This cozy Neapolitan pizza spot offers light wood-fired pizzas and an amazing array of freshly and locally-farmed appetizers given an Italian twist, like their stuffed butternut squash. The Backspace has a great happy hour if you’re catching an early movie, with their roasted beets app being my favorite. Make sure and split a dessert, because their salted caramel panna cotta is unreal. The restaurant is small, so make a reservation if you want a table, because walk-ins almost always have to sit at the (albeit lovely) bar.
Photo courtesy of the Alamo Drafthouse
The Backspace is located right off East 6th street close to the Alamo Drafthouse Ritz, so you can head there for the Alamo’s Signature Series and a chocolate milkshake afterward. When summer rolls around, head further east to the French Legation lawn and catch the popular outdoor indie film series, Cinema East.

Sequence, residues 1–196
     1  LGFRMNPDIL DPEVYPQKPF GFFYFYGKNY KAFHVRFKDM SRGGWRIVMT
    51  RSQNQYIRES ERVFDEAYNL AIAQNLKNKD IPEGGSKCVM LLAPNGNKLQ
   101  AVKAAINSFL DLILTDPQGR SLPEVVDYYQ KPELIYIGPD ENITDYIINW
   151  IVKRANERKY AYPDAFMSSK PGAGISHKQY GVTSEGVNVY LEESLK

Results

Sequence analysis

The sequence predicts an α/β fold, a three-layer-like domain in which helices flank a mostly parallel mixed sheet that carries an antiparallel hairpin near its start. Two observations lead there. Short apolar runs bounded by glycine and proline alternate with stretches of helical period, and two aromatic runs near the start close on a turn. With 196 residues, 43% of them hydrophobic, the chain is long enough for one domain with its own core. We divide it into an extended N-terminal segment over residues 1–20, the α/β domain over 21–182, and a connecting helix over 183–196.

Opened in 2014, Sawyer & Co. serves New Orleans food in a gorgeous 1950s mid-century diner, restored from its original. Like any good diner, Sawyer & Co. serves breakfast all day, as well as gumbo and jambalaya for dinner, along with muffalettas done right and a wide selection of po’ boys. They have strong brunch representation as well, with a relatively inexpensive menu, and a beautiful patio. And they even offer King Cakes for your Mardi Gras prep.
Photo courtesy of Blue Starlite Drive-In
Sawyer & Co. is the perfect spot to start a night, paired with an outdoor movie at the Blue Starlite Drive-In, which shows classic films outdoors even in Austin’s relatively balmy winter and has a full February schedule.
Photo by Lars Plougmann CC BY